The main goal of the FOOT (FragmentatiOn Of Target) experiment is the measurement of target and projectile fragmentation cross sections relevant for particle therapy. These data are essential in order to provide an accurate description of nuclear interactions taking place between the beam and the patient tissues during the particle treatment, to improve the accuracy of the treatment plan. Indeed given the nuclear reaction cross sections, it is possible to calculate the elemental fragment distributions. Nowadays there is a lack of experimental measurements of the nuclear reaction cross sections for the fragments produced by protons with energies between 60 MeV and 250 MeV, which are the typical energies adopted in proton hadrontherapy. Whereas the available data for the projectile fragmentation in the heavy ion treatment framework are derived only by the GANIL experiment (France), with measurements of carbon ion at 95 MeV/u and 50 MeV/u impinging on C/C2H4 target. There is no available measurements regarding carbon and oxygen ion at 300-350 MeV/u. The FOOT experiment aim is to fill the gap of nuclear elemental cross section in order to improve the algorithms currently used in the Treatment Planning System (TPS). In this way it is possible to explicitly take into account the biological effects due to target and projectile fragmentations, allowing the application of variable proton RBE models with the data related to the target fragmentation. The FOOT experiment results can lead to more accurate TPS, with the reduction of the dose deposition in healthy tissues and the decrease of post treatment side effects.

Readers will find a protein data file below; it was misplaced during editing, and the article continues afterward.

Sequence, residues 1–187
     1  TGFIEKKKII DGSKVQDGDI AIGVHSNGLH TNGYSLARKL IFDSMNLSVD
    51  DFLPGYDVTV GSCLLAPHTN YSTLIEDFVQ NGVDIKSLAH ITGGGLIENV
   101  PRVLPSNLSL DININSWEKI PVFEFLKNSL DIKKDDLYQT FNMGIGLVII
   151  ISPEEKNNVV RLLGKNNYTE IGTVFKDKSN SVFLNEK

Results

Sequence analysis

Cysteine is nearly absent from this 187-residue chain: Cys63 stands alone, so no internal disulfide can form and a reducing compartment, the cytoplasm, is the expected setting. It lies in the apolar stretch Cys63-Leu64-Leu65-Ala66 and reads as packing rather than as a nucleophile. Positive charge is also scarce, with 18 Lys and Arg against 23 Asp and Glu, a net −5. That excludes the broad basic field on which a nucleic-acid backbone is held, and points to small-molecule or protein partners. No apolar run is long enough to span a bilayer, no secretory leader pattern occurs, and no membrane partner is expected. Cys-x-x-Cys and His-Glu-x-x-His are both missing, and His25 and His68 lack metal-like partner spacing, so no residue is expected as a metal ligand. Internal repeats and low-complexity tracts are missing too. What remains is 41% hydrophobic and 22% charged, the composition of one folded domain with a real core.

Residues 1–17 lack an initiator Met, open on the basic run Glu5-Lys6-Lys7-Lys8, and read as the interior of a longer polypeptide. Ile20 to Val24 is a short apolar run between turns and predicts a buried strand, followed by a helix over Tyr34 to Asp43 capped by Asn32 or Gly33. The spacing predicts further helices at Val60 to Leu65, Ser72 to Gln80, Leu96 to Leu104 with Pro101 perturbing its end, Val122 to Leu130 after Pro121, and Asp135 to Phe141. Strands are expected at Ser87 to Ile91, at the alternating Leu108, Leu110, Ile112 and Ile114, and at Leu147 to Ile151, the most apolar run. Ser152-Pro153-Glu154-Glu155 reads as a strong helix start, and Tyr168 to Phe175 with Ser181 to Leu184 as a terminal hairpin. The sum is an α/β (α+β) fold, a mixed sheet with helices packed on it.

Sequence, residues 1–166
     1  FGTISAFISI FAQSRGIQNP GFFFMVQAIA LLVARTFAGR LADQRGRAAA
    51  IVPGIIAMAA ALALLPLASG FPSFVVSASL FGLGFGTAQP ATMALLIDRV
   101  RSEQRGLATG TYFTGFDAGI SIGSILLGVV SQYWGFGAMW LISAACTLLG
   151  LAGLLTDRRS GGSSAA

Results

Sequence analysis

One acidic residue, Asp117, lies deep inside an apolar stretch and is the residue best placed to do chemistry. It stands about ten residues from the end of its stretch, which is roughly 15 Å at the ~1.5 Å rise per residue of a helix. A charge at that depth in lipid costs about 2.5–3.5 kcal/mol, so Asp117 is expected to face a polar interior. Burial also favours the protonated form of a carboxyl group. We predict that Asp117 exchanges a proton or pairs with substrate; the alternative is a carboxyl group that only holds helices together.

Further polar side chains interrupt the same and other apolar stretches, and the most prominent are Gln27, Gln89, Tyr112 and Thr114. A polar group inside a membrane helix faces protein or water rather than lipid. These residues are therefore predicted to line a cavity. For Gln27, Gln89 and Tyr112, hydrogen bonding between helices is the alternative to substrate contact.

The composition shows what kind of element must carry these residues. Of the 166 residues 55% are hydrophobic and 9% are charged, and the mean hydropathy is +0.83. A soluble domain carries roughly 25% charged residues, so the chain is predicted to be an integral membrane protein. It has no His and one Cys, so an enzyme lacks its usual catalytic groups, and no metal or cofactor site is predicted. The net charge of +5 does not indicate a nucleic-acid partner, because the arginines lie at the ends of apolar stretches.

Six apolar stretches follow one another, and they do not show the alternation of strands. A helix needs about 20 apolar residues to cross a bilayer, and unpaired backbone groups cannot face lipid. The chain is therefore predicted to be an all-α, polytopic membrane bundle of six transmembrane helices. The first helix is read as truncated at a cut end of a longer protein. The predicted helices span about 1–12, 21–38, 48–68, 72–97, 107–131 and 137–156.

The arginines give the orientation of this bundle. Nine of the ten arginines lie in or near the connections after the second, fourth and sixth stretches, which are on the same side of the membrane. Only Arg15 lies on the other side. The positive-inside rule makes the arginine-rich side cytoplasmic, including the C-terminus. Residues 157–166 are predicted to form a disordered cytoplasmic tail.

The FOOT material (theses, publications, links, info) can be found in the web site that is hosted under the INFN joomla platform here.
A twiki page is available with some info about the FOOT software projects.
A thesis on the subject can be found here.
|Studio di fattibilità di misure di frammentazione indotta da fasci utilizzati per la protonterapia
Time of flight measurements at the FOOT experiment: detector characterization and preliminary results.
M. Marafini, V. Patera, A. Sarti, A. Sciubba, G. Traini
- FOOT collaboration (members from Germany, Italy, China)